Arizona State University (ASU) has entered a partnership with ChatGPT’s founder, OpenAI. Under the deal, “approved university members” will have free access to ChatGPT-4. The Chronicle of Higher Education explained that “interested staff, researchers, and faculty members will have to submit proposals outlining their ideas for using the tool and evaluating its effectiveness.” The Chronicle underscored ASU’s hopes to better equip students for the workforce, also highlighting comments from OpenAI’s chief operating officer Brad Lightcap on how the partnership benefits OpenAI. As shared by Lightcap, OpenAI is “keen to learn from ASU and to work toward expanding ChatGPT’s impact in higher education.” The Chronicle further noted that the agreement has flexible terms and cited reports that ASU plans to regularly assess the partnership via an ethics committee. [The Chronicle of Higher Education]

EBSCO Information Services CEO Announces Retirement, D2O Meets Goals, and Another Journal Board Resigns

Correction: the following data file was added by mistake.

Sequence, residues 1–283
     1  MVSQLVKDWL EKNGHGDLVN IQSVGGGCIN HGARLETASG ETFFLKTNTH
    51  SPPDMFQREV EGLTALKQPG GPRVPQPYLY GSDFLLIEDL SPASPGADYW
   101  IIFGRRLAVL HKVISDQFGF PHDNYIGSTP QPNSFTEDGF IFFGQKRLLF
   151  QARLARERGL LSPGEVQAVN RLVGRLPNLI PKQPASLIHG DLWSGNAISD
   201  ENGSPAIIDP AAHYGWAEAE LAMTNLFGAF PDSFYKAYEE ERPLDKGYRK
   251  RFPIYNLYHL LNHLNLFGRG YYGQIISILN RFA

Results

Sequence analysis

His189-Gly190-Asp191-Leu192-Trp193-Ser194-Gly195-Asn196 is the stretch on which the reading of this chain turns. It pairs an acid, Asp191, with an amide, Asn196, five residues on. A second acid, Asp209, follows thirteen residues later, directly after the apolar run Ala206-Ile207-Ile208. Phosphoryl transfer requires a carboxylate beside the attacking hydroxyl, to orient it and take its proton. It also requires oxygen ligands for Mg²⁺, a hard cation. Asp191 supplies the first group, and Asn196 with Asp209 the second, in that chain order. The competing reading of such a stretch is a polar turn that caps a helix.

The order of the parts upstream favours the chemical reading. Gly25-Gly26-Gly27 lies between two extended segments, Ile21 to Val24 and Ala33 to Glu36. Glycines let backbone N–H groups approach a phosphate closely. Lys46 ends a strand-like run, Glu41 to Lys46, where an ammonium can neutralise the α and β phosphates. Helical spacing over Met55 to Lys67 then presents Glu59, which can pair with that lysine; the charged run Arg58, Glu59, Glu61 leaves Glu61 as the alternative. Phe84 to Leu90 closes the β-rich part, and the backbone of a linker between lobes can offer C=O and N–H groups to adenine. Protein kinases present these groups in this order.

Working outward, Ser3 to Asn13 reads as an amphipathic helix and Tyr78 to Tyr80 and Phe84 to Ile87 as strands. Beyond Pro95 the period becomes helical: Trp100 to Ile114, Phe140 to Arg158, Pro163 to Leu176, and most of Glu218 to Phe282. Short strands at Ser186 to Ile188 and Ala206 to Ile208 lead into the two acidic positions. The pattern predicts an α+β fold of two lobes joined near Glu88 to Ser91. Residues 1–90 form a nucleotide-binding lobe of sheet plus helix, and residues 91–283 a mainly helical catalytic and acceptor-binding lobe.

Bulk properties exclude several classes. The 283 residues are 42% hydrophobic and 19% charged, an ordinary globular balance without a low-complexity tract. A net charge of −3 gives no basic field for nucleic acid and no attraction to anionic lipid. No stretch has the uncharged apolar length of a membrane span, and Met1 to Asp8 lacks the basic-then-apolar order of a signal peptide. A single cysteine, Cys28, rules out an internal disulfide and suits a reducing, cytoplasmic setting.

Retraction Watch reports that the editorial board of sociology journal Theory and Society has resigned after learning that Springer Nature replaced its executive editor Janet Gouldner. In a resignation letter, the editors voiced frustrations over their lack of input in the decision and concerns regarding “the precedent of for-profit owners of academic journals unilaterally installing their selected editors.” In response, Springer Nature claims that it attempted to contact the board and Gouldner regarding the future of the journal. The current editors in chief, Kevin McCaffree of the University of North Texas in Denton and Jonathan Turner of the University of California, Riverside, will now work on hiring a new editorial board and aim to improve the journal’s turnaround times. Next up, MIT Press’s Direct to Open (D2O) initiative met this year’s financial goals, enabling the publisher to publish nearly 80 open access works in 2024. Of note, MIT Press reported that this is the “first year in which D2O has been fully funded by its November 30 deadline.” MIT Press also touted the wide readership and citation of its OA titles, with nine books achieving over 10,000 reads. Last, EBSCO Information Services CEO Tim Collins announced that he will be retiring this June. EBSCO Industries aims to hire Collins’s successor by July.